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5 Essential Components of a Freelance Contract

Freelancers, repeat after me: “I will not work without a contract.” It’s a simple mantra, yet so many of us don’t follow it. I know this, because I learned it … the hard way. Contracts don’t just protect the client’s interests; they can also protect the freelancer from scope creep or nonpayment.

Even if the editor or client says, “I don’t do formal contracts,” it’s still a good idea to outline the project terms in an email and ask them to confirm so you’ll have a paper trail later on. And remember, everything’s negotiable. Here are five components to include:

1. Project scope.
For a copywriting project, the project scope might be a certain number of web pages of approximately a certain number of words subject to a certain number of revisions. For a journalism assignment, it might be a word count range (for instance, 500-700 words). If the editor or client wants the work delivered in a certain file format or in a certain other way, they’ll sometimes outline that in the contract. The more specific, the better to avoid miscommunications.

2. Deadline.
Agree to a deadline, but if you need certain background materials from the client or editor before you can move forward, make your deadline contingent on that. If you aren’t comfortable negotiating the pay rate, you can often negotiate the deadline so you won’t have to scramble to finish on time. Ask for more time upfront; don’t wait until the day before your deadline! I might use a message like this one, “in order to do this topic justice, I wondered if you have any wiggle room in your deadline?” I’d especially recommend negotiating the deadline if you have a day job and moonlight as a freelancer in case things get hectic at work.

3. Rights.
Your contract should also detail what rights the publisher or client is purchasing: all rights, one-time rights, print rights, and so on. This rights primer ( explains what these term mean. Nowadays, work for hire or all rights contracts are increasingly common, since publishers want the ability to post articles online without worrying about duplicate content. Sometimes, however, you can request a less rights-grabby contract, especially if you know other writers have gotten one. Try this: “Is there another contract that some of your contributors use? I’m concerned about giving up all rights to this piece, so I wondered if there’s any flexibility on that point.”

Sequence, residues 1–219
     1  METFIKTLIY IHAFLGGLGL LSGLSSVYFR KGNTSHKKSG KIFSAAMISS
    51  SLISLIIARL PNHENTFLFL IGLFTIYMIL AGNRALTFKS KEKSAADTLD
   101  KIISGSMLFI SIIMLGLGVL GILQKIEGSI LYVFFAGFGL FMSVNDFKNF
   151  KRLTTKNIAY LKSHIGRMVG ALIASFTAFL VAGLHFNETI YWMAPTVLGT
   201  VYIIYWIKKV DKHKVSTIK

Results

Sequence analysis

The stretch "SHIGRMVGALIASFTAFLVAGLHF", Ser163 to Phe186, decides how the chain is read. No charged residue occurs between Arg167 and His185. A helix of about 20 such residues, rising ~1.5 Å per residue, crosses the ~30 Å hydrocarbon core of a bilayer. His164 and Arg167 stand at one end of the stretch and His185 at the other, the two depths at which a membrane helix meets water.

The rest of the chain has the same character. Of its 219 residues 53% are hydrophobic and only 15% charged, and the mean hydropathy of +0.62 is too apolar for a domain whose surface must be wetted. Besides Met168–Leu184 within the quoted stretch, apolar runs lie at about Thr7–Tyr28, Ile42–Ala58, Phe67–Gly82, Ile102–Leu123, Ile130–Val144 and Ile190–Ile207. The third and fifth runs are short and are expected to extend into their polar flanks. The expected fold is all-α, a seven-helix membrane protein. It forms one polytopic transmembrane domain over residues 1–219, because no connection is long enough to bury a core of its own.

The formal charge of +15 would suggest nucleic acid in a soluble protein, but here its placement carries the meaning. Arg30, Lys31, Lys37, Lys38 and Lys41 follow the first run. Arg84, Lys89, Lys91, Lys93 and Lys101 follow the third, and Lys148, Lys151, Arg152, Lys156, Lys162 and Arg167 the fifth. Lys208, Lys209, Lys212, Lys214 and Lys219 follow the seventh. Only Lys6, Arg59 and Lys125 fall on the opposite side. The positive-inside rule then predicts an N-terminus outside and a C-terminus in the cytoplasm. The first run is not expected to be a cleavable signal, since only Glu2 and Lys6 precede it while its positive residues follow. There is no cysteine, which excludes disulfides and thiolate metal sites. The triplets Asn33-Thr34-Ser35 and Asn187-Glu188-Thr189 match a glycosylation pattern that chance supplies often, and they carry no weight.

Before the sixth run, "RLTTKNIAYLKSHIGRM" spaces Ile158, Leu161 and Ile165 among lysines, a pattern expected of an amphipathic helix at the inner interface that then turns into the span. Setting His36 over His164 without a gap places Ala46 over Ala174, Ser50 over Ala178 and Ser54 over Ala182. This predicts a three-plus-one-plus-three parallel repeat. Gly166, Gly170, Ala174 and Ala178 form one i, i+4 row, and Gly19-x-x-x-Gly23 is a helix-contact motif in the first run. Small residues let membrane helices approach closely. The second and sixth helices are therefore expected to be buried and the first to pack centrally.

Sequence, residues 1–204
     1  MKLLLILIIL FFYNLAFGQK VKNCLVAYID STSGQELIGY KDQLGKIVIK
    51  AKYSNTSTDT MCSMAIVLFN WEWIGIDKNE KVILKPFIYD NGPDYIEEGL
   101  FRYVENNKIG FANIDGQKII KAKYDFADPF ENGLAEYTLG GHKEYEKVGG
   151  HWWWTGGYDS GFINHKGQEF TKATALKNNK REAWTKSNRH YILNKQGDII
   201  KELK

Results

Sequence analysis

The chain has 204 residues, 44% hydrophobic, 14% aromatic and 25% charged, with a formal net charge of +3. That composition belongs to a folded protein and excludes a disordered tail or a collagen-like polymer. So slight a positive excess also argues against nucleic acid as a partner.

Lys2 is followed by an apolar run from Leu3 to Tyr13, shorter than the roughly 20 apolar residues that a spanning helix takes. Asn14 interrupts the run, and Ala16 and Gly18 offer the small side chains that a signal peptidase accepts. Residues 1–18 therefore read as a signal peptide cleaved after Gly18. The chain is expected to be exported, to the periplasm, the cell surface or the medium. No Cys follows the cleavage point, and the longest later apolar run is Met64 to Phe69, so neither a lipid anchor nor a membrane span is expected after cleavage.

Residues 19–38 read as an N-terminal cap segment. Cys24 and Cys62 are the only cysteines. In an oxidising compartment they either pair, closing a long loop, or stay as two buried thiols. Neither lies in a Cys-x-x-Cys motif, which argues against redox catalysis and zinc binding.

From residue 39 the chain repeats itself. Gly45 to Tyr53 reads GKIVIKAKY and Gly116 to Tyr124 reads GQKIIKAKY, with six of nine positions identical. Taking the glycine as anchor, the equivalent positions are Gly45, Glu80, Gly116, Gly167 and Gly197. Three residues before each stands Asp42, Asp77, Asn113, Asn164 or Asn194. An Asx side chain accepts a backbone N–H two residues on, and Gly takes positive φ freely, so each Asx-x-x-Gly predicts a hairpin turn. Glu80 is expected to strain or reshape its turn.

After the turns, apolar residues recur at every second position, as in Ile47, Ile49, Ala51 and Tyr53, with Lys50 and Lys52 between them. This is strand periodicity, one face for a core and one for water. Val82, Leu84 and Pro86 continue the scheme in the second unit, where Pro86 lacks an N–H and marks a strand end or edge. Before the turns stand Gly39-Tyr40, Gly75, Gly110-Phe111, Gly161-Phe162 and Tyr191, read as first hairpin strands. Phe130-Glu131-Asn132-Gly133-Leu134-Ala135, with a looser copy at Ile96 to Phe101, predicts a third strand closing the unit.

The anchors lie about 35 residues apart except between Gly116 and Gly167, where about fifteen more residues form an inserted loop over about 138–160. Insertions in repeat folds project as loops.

4. Pay rate.
Don’t wait until after your article is published to find out how much you’ll get paid! I’m shocked that some freelancers and article writing services I know actually do this, focusing more on the clip than the compensation. But that sends a message to editors and clients that they do this for fun rather than pay and sets a bad precedent for future negotiations. I’ve successfully negotiated for more money using strategies like this: “Given the complexity of this topic, would you be able to bump up the pay rate?” or “Similar publications pay X for an article of this length and depth, so do you have any extra room in your budget?” As with negotiating rights, it pays to know what other writers are getting from that client or publication so you’re not pricing yourself too high or too low for the market.

5. Pay schedule.
I’d argue that knowing when you’ll be paid is just as important as the amount on your check. Does the market pay within 30 of acceptance, 60 days after publication, or on some other schedule? Do writers need to submit an invoice or does the editor take care of that? Do they pay by check, PayPal, or direct deposit? It’s important to ask so you’ll when it’s appropriate to follow up. And these days, I’d be very wary of publications that pay on publication, because so many publications are folding or holding articles indefinitely, which means you might never get paid for your hard work. Sometimes you can get them to add language to this effect: “ABC Media agrees to pay contributors within 30 days of publication or 60 days of filing the article, whichever comes first.” That way you’ll get paid even if they postpone publication.

NOTE: I’m not a lawyer (nor do I play one on TV), so these tips are offered as suggestions. If you really want to cover your bases, you may want to consult a contracts lawyer to discuss your individual situation.